An Overview of Hemorrhagic Strokes

a doctor taking a patient's blood pressure

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Long-term high blood pressure, typically referred to as hypertension, is a known risk factor for ischemic strokes, which are strokes caused by interruption of blood supply in the brain. Extremely high blood pressure, even for a short period of time, can cause hemorrhagic strokes, which are strokes caused by bleeding in the brain.

Hemorrhagic Strokes

Most strokes occur due to a blockage of blood flow to a part of the brain, but approximately 13% of strokes occur due to bleeding in the brain. Of all the causes of hemorrhagic stroke, high blood pressure is the most common, accounting for approximately 80% of all cases.

High Blood Pressure as a Risk Factor for Stroke

High blood pressure can significantly increase the risk of a hemorrhagic stroke. This risk is even more pronounced in the elderly, in people who smoke, in men, in diabetics, and in people who drink alcohol.

High blood pressure can lead to intracerebral hemorrhage (ICH), which is bleeding within the skull, by damaging the fragile walls of small arteries inside the deeper areas of the brain. These are the same arteries affected by lacunar strokes, which are so common in white matter areas. The areas most commonly damaged by ICH are the brainstem, the internal capsule, and the cerebellum.

In some cases, the bleeding caused by high blood pressure may be large enough that blood spills into the brain's ventricles causing an intraventricular hemorrhage, a condition that can result in life-threatening hydrocephalus.


The symptoms of ICH caused by high blood pressure vary depending on the location and size of the bleeding and are often similar to the symptoms of a stroke. Symptoms of hemorrhagic stroke consist of:

  • Weakness of the face and/or arm, and/or leg on one side of the body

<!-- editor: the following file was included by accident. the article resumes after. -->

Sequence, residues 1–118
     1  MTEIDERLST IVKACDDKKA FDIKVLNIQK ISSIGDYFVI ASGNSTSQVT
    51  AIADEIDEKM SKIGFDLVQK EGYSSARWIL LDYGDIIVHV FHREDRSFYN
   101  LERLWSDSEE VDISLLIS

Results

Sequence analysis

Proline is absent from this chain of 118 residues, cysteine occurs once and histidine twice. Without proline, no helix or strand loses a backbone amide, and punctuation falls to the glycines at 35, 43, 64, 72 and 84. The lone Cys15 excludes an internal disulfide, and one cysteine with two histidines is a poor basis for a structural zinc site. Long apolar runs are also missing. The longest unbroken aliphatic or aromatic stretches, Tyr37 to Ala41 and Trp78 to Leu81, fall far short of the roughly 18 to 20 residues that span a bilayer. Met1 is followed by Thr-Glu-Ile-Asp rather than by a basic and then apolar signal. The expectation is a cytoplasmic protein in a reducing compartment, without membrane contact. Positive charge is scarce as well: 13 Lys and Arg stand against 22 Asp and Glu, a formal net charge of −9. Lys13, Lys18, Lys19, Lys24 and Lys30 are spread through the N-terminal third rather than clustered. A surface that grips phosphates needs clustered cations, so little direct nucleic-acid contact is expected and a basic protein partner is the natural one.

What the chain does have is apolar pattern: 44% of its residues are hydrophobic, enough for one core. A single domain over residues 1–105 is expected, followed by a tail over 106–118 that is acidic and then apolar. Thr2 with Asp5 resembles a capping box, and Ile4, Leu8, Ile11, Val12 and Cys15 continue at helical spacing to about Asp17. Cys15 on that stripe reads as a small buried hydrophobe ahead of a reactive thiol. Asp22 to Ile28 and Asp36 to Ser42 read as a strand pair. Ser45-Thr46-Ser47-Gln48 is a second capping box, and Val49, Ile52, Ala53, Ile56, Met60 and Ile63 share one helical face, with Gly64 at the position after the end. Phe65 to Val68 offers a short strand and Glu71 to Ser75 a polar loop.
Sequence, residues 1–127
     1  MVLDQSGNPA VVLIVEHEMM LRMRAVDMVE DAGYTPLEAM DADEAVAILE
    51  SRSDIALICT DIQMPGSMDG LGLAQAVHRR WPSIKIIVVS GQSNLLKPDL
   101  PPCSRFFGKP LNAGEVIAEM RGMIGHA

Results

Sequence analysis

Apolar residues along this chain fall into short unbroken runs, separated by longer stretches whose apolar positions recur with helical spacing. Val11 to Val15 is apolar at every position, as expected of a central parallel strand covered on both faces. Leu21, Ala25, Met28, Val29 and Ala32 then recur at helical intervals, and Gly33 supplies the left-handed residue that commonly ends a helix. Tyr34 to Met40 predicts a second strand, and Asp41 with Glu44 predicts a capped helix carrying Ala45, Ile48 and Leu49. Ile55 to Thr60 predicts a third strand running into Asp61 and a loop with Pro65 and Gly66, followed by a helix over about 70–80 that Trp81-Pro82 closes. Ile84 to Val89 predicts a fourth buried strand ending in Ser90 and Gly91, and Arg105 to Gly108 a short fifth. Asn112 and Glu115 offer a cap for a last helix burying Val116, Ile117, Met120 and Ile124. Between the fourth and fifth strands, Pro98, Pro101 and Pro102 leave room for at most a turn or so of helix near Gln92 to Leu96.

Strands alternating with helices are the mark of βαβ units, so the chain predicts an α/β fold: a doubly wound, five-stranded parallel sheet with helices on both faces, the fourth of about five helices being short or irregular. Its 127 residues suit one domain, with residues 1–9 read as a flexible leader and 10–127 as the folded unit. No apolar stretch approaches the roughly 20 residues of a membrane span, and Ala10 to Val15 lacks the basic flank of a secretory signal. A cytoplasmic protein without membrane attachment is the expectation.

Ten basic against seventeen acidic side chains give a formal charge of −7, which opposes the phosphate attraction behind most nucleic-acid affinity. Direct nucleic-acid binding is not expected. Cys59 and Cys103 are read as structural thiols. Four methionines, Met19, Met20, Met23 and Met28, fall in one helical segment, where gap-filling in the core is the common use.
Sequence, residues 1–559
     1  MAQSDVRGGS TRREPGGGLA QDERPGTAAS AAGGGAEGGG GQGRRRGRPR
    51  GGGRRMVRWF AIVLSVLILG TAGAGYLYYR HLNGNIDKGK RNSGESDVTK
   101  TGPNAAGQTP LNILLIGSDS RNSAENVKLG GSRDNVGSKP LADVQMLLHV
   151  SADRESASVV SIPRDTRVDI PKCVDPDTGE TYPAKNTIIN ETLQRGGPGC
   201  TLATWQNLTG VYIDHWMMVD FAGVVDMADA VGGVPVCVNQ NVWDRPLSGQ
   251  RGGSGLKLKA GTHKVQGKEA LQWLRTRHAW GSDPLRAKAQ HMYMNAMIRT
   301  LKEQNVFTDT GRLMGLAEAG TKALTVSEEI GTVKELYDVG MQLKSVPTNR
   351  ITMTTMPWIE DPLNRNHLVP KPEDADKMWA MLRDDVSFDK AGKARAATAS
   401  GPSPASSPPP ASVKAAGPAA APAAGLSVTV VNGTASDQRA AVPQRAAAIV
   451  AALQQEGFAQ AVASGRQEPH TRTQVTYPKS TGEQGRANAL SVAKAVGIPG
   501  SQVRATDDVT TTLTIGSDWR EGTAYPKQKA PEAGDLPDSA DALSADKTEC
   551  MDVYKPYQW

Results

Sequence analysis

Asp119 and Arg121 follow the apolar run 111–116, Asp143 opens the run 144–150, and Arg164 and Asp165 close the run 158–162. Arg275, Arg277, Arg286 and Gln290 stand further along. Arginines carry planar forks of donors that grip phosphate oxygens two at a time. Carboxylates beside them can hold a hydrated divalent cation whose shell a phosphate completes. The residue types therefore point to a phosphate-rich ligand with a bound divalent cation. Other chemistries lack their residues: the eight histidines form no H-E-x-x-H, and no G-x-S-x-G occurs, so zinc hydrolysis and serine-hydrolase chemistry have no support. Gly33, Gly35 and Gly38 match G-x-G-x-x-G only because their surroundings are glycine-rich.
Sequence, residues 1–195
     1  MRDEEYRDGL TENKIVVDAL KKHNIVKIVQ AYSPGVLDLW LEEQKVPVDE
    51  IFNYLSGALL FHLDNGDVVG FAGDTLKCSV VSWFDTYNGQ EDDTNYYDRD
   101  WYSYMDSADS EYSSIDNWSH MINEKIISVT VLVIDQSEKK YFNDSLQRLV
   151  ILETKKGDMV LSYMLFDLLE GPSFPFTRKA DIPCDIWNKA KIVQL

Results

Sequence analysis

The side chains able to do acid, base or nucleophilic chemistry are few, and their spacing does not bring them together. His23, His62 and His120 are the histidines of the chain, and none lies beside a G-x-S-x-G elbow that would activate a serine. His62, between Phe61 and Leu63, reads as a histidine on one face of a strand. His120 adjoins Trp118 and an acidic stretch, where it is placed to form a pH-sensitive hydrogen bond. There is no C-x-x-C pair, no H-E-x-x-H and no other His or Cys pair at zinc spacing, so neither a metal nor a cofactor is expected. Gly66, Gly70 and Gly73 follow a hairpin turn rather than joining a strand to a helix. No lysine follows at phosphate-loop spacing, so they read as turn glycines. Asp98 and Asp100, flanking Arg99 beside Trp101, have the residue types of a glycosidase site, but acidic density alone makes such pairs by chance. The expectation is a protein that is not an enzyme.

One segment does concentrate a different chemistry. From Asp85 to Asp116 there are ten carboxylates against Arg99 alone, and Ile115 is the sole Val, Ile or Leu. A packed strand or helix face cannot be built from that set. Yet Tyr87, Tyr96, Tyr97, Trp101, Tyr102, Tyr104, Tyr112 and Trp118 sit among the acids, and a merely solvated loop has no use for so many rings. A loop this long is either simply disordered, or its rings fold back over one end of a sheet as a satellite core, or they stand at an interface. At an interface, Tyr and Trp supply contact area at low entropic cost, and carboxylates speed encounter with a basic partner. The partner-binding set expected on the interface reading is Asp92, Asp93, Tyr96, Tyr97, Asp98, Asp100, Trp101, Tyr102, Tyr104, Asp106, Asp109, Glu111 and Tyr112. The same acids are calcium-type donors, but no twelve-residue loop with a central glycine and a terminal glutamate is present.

• Numbness in the face, and/or arm, and/or leg one side of the body
  • Inability to understand spoken language or inability to speak
  • Inability or difficulty writing or reading
  • Vertigo and/or gait imbalance with or without nausea or vomiting
  • A severe headache or double vision

In general, a hemorrhagic stroke is often associated with severe head pain and dizziness, but in some instances, a hemorrhagic stroke may not cause these symptoms may cause mild head pain or dizziness.

In rare cases, the bleeding caused by high blood pressure is so profuse that it leads to a rapid increase in intracranial pressure 0, which causes more serious consequences, such as unresponsiveness, inability to move, or coma.


An imaging test to identify bleeding in the brain is the most reliable way to diagnose a hemorrhagic stroke. The first test performed usually is a head CT, which is a rapid and reliable way to rule out bleeding in the brain. When bleeding is found, but the source of the bleeding is not clear, other tests such as a cerebral angiogram or an MRI of the brain with contrast 0 may be necessary. These tests help to diagnose other causes of bleeding such as AVM, aneurysms, amyloid angiopathy, or brain tumors.


The treatment of bleeding in the brain caused by high blood pressure starts with stabilization and diagnosis. This is because enlarging bleed in the brain can progress rapidly and may produce severe consequences.

Usually, blood pressure is controlled in order to prevent further bleeding. Other possible interventions depend on factors such as the size of the bleeding, the severity of the symptoms and on whether the interventions being considered can be expected to make a difference in the overall outcome.

In some cases, the bleeding must be surgically evacuated immediately, because it can produce pressure on the brain. In other cases, the risks of surgery clearly outweigh the potential benefits, leading doctors and families to refrain from further treatment. And in the grimmest of cases, bleeding has caused so much damage to the brain that surgical intervention is futile, and brain death may result with or without intervention.

A Word From Verywell

Moderately high blood pressure can slowly increase the risk of stroke. this is why it is important to maintain a blood pressure that follows recommended guidelines.

Extremely high blood pressure, however, can lead to more serious strokes. The most common causes of extremely high blood pressure include untreated hypertension, severe illness, and drug use.

Taking care of your health, regardless of your income level, can go a long way in preventing serious medical emergencies such as hemorrhagic stroke.

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Article Sources
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  1. American Stroke Association. Hemorrhagic stroke (bleeds).

  2. An SJ, Kim TJ, Yoon BW. Epidemiology, Risk Factors, and Clinical Features of Intracerebral Hemorrhage: An Update. J Stroke. 2017;19(1):3-10. doi:10.5853/jos.2016.00864

  3. Harvard Medical School. Hemorrhagic stroke. February 2019

  4. New York-Presbyterian Hospital/Weill Cornell Medical Center. Intracerebral hemorrhage. Updated October 2017

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